Letters Regarding Beach Sand Erosion

Beach sand erosion is putting homes and infrastructure at real risk of falling into the sea at many locations on NSW coast.

My letter to the Deputy Premier on the 20.06.2020
Dear Sir,
I do want to thank you for your interest in the Stockton sand/beach erosion and I think it is vital that a long term solution be found to protect both private and public assets along this coastal strip of land. The history of this area is that shifting sands is the expectancy that we must account for and to continually replenish the sand that drifts northward we will find it become increasingly expensive over time. In 1858 there were concerns then because the sands were causing difficulties in the Harbour channel and so a breakwater was put into the planning and eventually constructed. As seen below:
The Maitland Mercury and Hunter River General Advertiser (NSW : 1843 – 1893) Sat 17 Apr 1858
Page 4 
NEW NOTICES OF MOTION.
https://trove.nla.gov.au/newspaper/article/18649994

“In: Supplement to the Maitland Mercury
Top of Form
NEW NOTICES OF MOTION.
FEIDAr, AFBILIC.
Mr. SCOTT to move- 1. That a select committee be appointed to inquire into, and report upon, the bett means of improving the alluvial lands of the Hunter, by a tystem of drainage, and the legal provisions under wbioh suoh a system may be oarried out. 2. That auob committee consist of Mr. Hay, Mr, Flood, Mr. Arnold, Mr. Jones, Mr. Piddington, Mr. Robertson, Mr. White, Mr. Weeket, Mr. Gordon, and the mover.
Mr. SCOTT to move-That there be laid npon the table of this house, the report, plans, and estimates, furnished by Mr. Moriarty, civil eogioeer, respecting the advisableness of constructing a small and inexpentive breakwater, to run seawards from the south end of Stockton, in order to secure the entrance of the Harbour of Newcastle from all obstructions, by preventing the continual shifting of the sand at this particular point, and by stopping the heavy drift of the same from the Long Beach, caused by the prevalent north-easterly winds, both tending to the formation of shoals and the narrowing of the channel.”
(The spelling was as in the publication at the time 1858)
The building of the break wall did its job of protecting the harbour entrance and to enable the deepening of the harbour as was latter required to enable larger   vessels to enter the harbour. However, the break wall has the effect of a suction as sea water in a storm ebbs and flows during the strong seas. This motion does remove the sand at an increased rate, as I understand.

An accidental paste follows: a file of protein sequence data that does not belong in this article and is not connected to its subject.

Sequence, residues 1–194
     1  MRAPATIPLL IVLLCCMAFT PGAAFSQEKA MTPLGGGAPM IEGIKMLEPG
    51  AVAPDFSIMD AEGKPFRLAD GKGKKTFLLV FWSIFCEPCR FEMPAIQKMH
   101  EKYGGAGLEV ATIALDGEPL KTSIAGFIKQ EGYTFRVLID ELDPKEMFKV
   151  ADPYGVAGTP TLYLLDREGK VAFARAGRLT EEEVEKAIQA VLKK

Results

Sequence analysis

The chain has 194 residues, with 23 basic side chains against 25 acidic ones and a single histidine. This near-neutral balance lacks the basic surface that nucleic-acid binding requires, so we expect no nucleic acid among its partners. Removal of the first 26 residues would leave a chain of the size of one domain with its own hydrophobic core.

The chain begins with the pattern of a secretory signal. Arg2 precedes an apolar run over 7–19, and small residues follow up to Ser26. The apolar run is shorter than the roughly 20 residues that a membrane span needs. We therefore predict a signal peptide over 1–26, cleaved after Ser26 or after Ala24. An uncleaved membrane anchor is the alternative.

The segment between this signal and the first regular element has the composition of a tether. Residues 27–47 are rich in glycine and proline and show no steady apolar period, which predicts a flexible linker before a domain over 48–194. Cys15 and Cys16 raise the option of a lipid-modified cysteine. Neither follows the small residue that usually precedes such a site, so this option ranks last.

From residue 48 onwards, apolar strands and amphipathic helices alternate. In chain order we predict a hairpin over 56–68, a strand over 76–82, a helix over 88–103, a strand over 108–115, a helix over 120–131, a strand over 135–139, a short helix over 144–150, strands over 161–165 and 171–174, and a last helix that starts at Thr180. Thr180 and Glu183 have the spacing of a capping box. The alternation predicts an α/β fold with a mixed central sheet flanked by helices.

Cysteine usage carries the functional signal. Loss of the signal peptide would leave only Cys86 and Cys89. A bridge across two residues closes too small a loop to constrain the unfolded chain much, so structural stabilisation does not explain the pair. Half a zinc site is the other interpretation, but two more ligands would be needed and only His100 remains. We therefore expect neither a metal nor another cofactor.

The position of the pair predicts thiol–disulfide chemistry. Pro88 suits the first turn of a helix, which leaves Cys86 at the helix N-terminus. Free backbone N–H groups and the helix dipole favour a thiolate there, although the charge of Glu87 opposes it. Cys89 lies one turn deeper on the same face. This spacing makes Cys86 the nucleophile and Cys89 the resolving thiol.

The history of the area demonstrates that there were “squatters” tin buildings established in the area as well as a sizable rubbish tip, which became uncovered in 2018 exposing all manner of discarded refuse. There were many manufacturing and residential dwelling as well as shops of various nature. The area has an unstable nature about it, however once we permit development and charge council rates, we have a responsibility of protecting the area as much as possible. While an undisclosed amount of funds is planned to be spent on replenishing the sand on the eroded beach area, this will again disappear as further storms come and go. A long-term plan must be put into place so that we do not have to revisit this on a regular ongoing basis.
The extent of the current erosion demonstrates that we are quite a number of storms too late to do a real and proper maintenance program. Even if you go ahead with the suggested plan of replenishment it will only be a part restoration and very temporary at the best. The Surfers want an open beach and with that come the erosion. Those with assets want to stop the erosion with that comes a protected beach. The campers want a beach to play on with their children and a protected beach would be fine with them. So as long as a long term plan is being looked for, one only hopes that there is one being looked at, consideration must be made how to calm the seas in this area. To me there seems to be two ways to calm the seas and they are an exposed break wall or an unexposed break wall.
 An unexposed break wall is a significant reef that is substantial enough to stop the ferocious wave during the regular storms that we encounter in this area; as we have done so since at least the 1850’s that caused the current existing break water to be built to protect the entrance to Newcastle Harbour. Sinking of a few ships will not be substantial enough, in my view, though with some there, they may assist with a rock and or concrete break wall behind it. If an exposed break wall is chosen then a safe beach and a small boat harbour could be established as well, this could be welcomed by many of the residents of Stockton.